To understand what makes HELOC lenders in Quebec and Western Canada most vulnerable to competition, and to identify which competitors are most vulnerable.
Canada’s HELOC Competitors
Each lender’s HELOC has its own interest rate based on how the loan is structured, so borrowers must negotiate the best rates based on their individual situations. Additionally, each loan has a particular set of fees, and these vary by lender and borrower situation. Because of this, rates from each lender may vary – and those with less-than-optimum rates would qualify as vulnerable competitors in this market.
The minimum amount a borrower can get on a HELOC differs by bank, though the maximum is set to a standard “65% loan-to-value” of the home. Lenders offering the lowest minimum amounts include: BMO Homeowner ReadiLine and ScotiaBank STEP, both of which offer $0 as the minimum amount to borrow, and RBC Homeline Plan, with a minimum of $5000.
Those with the highest minimum amounts, and therefore those most vulnerable to competition, include Manulife One, with a minimum of $50,000, ING Direct Canada HELOC, with a minimum of ($15,000 or $50,000, depending on whether the customer has an ING mortgage), as well as Desjardins Versatile Line of Credit and National Bank All-in-One, both with a minimum of $25,000.
Lenders that offer the option to convert the loan to a fixed rate are best-suited to the marketplace, whereas lenders not offering this option are vulnerable to competition. These latter lenders include BMO Homeowner ReadiLine, CIBC Home Power, Desjardins Versatile Line of Credit, PC Financial Secured Borrowing Account, and ScotiaBank STEP.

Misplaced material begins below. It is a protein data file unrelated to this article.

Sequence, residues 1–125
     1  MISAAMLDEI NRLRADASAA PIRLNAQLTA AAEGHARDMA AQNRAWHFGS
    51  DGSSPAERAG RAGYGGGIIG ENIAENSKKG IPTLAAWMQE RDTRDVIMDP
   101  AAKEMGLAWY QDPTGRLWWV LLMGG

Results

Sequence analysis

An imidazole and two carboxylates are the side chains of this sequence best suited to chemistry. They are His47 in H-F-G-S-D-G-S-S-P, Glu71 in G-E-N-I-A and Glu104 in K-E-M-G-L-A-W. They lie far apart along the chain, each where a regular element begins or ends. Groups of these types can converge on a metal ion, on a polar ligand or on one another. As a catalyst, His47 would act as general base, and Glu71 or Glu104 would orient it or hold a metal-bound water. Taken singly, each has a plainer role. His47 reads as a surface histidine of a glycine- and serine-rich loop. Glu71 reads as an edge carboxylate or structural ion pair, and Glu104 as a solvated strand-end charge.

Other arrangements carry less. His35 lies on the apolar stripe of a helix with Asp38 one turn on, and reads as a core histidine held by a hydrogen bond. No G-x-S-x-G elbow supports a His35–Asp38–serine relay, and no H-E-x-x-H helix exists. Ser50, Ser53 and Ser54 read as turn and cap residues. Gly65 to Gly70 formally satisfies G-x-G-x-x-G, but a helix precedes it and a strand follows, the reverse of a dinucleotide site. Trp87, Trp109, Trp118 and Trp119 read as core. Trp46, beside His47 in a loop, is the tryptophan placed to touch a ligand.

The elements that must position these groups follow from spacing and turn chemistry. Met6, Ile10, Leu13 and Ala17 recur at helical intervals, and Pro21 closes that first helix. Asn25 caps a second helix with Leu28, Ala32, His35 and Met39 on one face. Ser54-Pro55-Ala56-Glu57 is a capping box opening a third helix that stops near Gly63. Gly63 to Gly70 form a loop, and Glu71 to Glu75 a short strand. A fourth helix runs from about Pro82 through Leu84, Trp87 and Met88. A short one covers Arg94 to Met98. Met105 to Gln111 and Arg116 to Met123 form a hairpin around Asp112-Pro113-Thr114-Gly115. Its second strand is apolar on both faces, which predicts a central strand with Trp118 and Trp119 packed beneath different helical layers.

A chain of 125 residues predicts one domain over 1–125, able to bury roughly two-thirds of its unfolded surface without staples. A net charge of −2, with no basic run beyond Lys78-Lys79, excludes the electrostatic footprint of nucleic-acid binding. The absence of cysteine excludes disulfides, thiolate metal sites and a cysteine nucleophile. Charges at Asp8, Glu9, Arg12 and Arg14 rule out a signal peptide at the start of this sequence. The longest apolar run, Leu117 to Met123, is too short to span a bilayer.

Lenders offering revolving / re-advanceable balances are best-suited to serve the most customers. Those not offering this service are most vulnerable to competition. In Canada, ING Direct Canada HELOC doesn’t offer this.
Lenders charging monthly fees are also most vulnerable to competition. These include ManuLife One and National Bank All-in-One.
Current Mortgage Rates (Quebec & Western Canada)
A comparison of the current HELOC rates (on an amount of $200,000) for Quebec, Alberta, British Columbia, Manitoba, and Saskatchewan follow.
In Quebec, analysis shows that, among lenders Big 6 Bank, ScotiaBank, TD Bank, and Tangerine, both ScotiaBank and TD Bank has the highest percentage rates (at 4.45%), making them most vulnerable to competition.
In Alberta, analysis shows that, among lenders MotusBank, ScotiaBank, TD Bank, CanWise Financial, Tangerine, and Laurentian Bank, the three lenders with the highest rates (at 4.45%) are SotiaBank, TD Bank, and CanWise Financial. The same lenders were compared for British Columbia, with the same results being returned. The same comparison and results showed for Manitoba and Saskatchewan, as well.
Competitor Bank of Nova Scotia (ScotiaBank) is losing “its standing as Canada’s most international bank,” due to the bank’s exits in various Caribbean markets, which brings its down to a presence in only 33 countries. This will put it behind its major competitor, Royal Bank of Canada, which has a presence in 36 countries.
Additionally, ScotiaBank’s Q2-2019 earnings report showed less-than-expected profit results, largely due to loan loss provision mis-estimates for acquisitions and such. Although ScotiaBank is one of the largest banking and lending institutions in Canada, there are multiple issues making them more vulnerable to competition than they’d appear.
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